First up, I did not drive this on home turf, I drove this in that delightful little village of Johannesburg. Me, a coastal chap from a small town at sea level, driving a 1.4 litre, four-cylinder in the frenetic traffic that can be found on Jo’burg’s freeways at nearly 1800m above the sea. Why is the height important? Height above sea level means less power, less power means reduced performance. Since I’m starting at 1.4 litres and working down from there in the power stakes my expectations weren’t high.

Suzuki Ciaz
The interior of the Suzuki Ciaz is spacious and comfortable, offering a high specification level including keyless entry

Didn’t last long though with the 70kW of power and 130Nm of torque proving itself more than up to the task of keeping up with the traffic, or even setting the pace. At this point it is worth mentioning the fuel consumption. Suzuki claim fuel consumption figures of 5.4 litres per 100km (18.52km/l) for this model, I recorded 5.65 litres per 100km (17.7km/l) and I was not doing economy run driving by any stretch of the imagination. Should make getting close to their figures a reality and your 43 litre fuel tank could see you getting as much as 760 km per filling station visit (if you use Suzuki’s figures it would be closer to 800km, but real-world driving is unlikely to get you to that level).

As I mentioned earlier though, 1.4 litre engine at altitude … There is no listing of 0-100km/h acceleration times for the Ciaz on Suzuki’s site but if you do a bit of scratching online, a figure of 11.3 seconds is quoted by some commentators. The Ciaz certainly seems zippy enough, even way up there on the Reef.

This could be explained by a kerb weight which is just over a ton, so with just me on board the Ciaz is quite nimble and light on its feet. Manoeuvring through the city traffic doesn’t take much effort but roadholding is at least two levels above what I had anticipated. I thought what I would encounter was a car that was adequate family transport but without much in the way of fun driving dynamics. The Ciaz instead proved to be an enthusiastic running, sure it isn’t sports car performance but it is more than you’d think looking at the spec sheet.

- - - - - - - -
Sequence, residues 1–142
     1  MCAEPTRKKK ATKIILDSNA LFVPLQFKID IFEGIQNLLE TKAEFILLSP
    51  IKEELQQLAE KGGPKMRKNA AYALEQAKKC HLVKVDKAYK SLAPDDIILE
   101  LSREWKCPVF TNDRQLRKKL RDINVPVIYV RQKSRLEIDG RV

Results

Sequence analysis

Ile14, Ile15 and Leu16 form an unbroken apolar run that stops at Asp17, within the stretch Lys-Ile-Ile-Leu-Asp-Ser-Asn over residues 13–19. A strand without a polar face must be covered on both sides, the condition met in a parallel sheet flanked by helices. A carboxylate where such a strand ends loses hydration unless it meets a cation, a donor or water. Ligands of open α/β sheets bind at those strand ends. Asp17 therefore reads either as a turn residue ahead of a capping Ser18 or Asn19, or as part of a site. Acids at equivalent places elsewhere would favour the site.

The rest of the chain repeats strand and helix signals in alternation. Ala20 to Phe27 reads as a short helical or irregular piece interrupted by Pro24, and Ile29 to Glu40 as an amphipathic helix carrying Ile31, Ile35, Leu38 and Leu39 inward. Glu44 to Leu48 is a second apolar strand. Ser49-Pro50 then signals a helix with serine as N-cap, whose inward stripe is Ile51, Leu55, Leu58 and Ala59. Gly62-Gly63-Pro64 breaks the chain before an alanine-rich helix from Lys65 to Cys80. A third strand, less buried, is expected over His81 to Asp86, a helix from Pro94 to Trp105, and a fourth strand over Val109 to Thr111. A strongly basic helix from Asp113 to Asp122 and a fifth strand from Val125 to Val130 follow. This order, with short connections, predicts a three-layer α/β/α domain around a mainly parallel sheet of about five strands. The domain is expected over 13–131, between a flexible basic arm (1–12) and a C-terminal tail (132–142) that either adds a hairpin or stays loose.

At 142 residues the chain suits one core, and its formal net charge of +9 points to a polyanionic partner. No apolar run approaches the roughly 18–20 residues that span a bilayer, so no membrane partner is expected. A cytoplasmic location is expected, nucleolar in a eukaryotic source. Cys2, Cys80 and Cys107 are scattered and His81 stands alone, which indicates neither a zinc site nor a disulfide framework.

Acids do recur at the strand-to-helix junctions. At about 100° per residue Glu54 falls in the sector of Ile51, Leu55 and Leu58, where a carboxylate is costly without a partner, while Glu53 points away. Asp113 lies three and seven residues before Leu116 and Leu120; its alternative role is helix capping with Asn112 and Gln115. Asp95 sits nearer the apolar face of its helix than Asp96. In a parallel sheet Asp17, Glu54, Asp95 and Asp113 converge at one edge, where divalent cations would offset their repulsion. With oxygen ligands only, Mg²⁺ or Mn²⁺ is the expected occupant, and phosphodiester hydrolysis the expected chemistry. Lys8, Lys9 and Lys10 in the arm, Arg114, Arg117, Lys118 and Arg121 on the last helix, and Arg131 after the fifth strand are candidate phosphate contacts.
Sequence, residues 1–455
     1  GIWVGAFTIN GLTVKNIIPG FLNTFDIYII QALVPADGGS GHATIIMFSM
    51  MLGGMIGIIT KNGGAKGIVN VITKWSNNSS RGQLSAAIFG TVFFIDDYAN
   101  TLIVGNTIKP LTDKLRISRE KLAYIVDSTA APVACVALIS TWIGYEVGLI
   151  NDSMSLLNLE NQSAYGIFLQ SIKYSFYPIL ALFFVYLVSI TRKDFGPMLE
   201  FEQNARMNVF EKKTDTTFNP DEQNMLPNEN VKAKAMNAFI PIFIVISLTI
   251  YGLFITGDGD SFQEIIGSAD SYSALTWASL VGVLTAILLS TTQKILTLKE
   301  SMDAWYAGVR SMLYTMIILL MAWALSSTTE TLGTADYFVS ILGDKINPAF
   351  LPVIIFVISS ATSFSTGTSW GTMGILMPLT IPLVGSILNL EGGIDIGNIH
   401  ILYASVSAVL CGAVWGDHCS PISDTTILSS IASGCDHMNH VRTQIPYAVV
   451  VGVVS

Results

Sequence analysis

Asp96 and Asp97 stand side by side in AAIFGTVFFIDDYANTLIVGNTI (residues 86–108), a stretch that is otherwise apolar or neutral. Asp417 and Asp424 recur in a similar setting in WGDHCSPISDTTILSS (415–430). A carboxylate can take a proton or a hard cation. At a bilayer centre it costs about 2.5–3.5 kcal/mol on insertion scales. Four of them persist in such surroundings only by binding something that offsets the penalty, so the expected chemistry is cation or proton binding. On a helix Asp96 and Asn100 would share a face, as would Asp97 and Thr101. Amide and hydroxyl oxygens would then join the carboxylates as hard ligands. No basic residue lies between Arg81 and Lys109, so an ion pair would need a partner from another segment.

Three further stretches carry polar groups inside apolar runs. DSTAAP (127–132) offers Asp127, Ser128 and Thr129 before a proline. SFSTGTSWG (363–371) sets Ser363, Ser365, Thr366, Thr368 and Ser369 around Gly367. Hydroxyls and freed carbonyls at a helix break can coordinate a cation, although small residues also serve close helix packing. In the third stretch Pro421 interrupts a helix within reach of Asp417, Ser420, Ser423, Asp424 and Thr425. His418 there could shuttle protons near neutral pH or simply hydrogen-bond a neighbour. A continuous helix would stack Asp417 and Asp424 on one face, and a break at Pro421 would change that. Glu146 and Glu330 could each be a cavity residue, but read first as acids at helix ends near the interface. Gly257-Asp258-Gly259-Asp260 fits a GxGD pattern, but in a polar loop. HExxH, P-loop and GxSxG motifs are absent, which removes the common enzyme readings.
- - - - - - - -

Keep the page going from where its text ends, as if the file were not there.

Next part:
There are three variants in the Ciaz stable locally. All are 1.4 but you can have manual or automatic in GL and GLX guise. The base model is R182 500 moving up to R217 500 for the auto. Naturally trim levels vary between the two with steel wheels on the GL and alloys on the GLX. All have central locking, power steering, USB and Bluetooth and aircon while the GLX model I was driving also had leather seats, keyless entry and steering wheel controls – the latter two being on the list of standard features on all models as well.

On the safety front, ABS (anti-lock brakes) and driver and passenger SRS (secondary restraint system) airbags are to be found in all models.

Suzuki Ciaz
The Suzuki Ciaz boot is roomy, offering lots of packing space for your luggage

Time to get to the bits about the Ciaz I don’t like. Ummmm … a maximum power output that isn’t all the way up at 6000rpm? Frankly, for the Ciaz there isn’t really anything I can point out other than the electric door locks don’t engage automatically when you pull off. The keyless entry and go system is fabulous and you’ll love it when you’ve used it for a while. It just makes so much sense.

In terms of warranty and service, etc. Suzuki offers a three-year / 60 000 km service plan and a 100 000km or 36 month warranty. Service intervals are annually or every 15 000km.

Overall, I rather enjoyed driving the Ciaz around the Big Smoke. It has the typically light clutch action you find on modern Suzukis, it is brisk and comfortable to drive, it is light on fuel for munching all those kilometres required to get around in Johannesburg and it is quite stylish. With the available legroom and other interior space as well as the large boot it makes good sense as family motoring goes.

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It is @WesBank @SAGMJ #COTY time again

The list of 20 semi-finalists in the annual WesBank SAGMJ (South African Guild of Motoring Journalists) Car of the Year (COTY) competition were announced today (9 October 2014). These are the cars that will compete to make the list of finalists, one of which will ultimately win the title of 2015 WesBank / SAGMJ Car of the Year.

Continue reading “It is @WesBank @SAGMJ #COTY time again”